Source description last updated: 20 January 2020
In brief: The Inter Press Service – News Agency (IPS) is a global non-profit, non-governmental news agency, emphasising on issues of development, globalisation, human rights and the environment.
Coverage on
English language articles on human rights and women’s health.
Daily coverage on for countries of priorities A-C.
The mission of IPS is to act “[…] as a communication channel that privileges the voices and the concerns of the poorest and creates a climate of understanding, accountability and participation around development, promoting a new international information order between the South and the North.” (IPS News website: About us, undated)
“Ever since its inception, in 1964, IPS has strived to act as an information bridge between the local and the global, and between the expert and the layperson. We combine the credibility of a professional news agency and strong penetration of traditional media markets, with a clear focus on the South, and strong relationships with civil society and the international community.” (IPS webste: The IPS News Service, undated)
“The financial assets of the Association shall be constituted by membership fees, by private and corporate contributions and by any other income which the Association may receive from its non-commercial activities, and by real estate, properties or goods which may become property of the Association.” (IPS-Inter Press Service International Association - Articles of Association, undated, p. 9, Art. 34)
”Traditionally, IPS has three major sources of financing: income from the market, grants from multi-lateral and national development co-operation budgets and project funding (from international institutions, foundations and NGOs). In this scenario, IPS preserves its journalistic integrity through maintaining a wide diversity of revenue sources, working only with backers and initiatives that explicitly accept editorial independence, and being transparent about its sources of income. […]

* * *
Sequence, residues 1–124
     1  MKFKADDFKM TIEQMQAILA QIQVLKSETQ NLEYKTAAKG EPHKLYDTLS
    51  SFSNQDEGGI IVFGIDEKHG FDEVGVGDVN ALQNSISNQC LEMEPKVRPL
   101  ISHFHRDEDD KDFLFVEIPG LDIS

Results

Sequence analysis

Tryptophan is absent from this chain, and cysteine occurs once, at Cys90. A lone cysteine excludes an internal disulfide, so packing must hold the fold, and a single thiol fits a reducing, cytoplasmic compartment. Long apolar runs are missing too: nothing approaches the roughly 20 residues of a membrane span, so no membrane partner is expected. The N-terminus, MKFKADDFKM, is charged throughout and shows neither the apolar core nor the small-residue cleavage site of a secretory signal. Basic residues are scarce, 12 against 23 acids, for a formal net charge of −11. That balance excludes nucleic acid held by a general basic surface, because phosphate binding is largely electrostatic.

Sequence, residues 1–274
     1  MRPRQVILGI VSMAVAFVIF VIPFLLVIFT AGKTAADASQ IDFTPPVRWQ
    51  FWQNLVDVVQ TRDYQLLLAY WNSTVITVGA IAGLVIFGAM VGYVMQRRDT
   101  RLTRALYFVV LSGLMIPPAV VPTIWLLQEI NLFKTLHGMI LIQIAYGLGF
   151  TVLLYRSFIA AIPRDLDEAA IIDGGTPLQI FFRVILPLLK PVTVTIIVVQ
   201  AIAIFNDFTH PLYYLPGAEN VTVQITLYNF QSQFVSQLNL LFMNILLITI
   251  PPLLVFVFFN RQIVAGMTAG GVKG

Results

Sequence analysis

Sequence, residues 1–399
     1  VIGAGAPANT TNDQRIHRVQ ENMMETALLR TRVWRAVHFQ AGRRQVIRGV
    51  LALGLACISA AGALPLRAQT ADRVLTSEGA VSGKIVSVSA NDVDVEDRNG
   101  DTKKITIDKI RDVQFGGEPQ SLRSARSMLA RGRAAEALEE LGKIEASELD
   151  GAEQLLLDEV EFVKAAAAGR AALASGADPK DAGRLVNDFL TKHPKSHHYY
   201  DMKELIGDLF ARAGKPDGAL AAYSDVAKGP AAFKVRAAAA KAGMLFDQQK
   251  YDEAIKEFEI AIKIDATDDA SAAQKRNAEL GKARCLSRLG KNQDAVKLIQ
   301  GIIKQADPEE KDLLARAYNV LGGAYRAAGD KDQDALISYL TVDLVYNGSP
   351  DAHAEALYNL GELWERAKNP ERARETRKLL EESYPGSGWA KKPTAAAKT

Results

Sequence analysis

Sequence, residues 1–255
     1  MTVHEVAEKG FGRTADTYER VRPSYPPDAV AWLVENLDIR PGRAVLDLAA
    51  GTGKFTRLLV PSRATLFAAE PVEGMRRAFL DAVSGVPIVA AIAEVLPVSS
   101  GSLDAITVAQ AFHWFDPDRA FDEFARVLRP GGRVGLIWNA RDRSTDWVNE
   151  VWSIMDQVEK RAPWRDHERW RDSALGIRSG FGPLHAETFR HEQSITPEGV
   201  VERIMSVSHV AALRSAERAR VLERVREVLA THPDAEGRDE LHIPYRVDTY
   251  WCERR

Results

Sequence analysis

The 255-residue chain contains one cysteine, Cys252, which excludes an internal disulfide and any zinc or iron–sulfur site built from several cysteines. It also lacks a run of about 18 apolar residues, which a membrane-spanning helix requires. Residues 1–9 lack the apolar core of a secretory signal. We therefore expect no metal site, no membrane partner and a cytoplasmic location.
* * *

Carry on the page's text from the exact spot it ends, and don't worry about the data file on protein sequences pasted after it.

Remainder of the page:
The IPS Board of Directors has set a maximum limit on financial support from private sector donors at 30 % of total revenues. […]
IPS will not accept backing from private sector companies that go against our values. Recognizing that IPS has neither the human and financial resources nor the expertise to devote to ethical assessments of individual companies, IPS will rely in the first instance on credible, global and regional corporate watchdogs in deciding whether or not to accept financial backing from particular sources.
The primary point of reference will be the U. N. Global Compact, a strategic policy initiative for businesses that are committed to aligning their operations and strategies with ten universally accepted principles in the areas of human rights, labour, environment and anti-corruption. […]
Furthermore, IPS will not partner with companies if their products or strategies are refuted by civil society, or other longstanding IPS constituencies.” (Code of Ethics - IPS relations with the private sector, February 2010, p. 1-2)
For a list of supporters from 2005 to 2010, see:
Scope of reporting:
Geographic focus: “IPS tries to reach people excluded or marginalised by the process of globalisation, notably in countries of Africa, the Asia-Pacific and Latin America.” (IPS website: The IPS editorial policy, undated)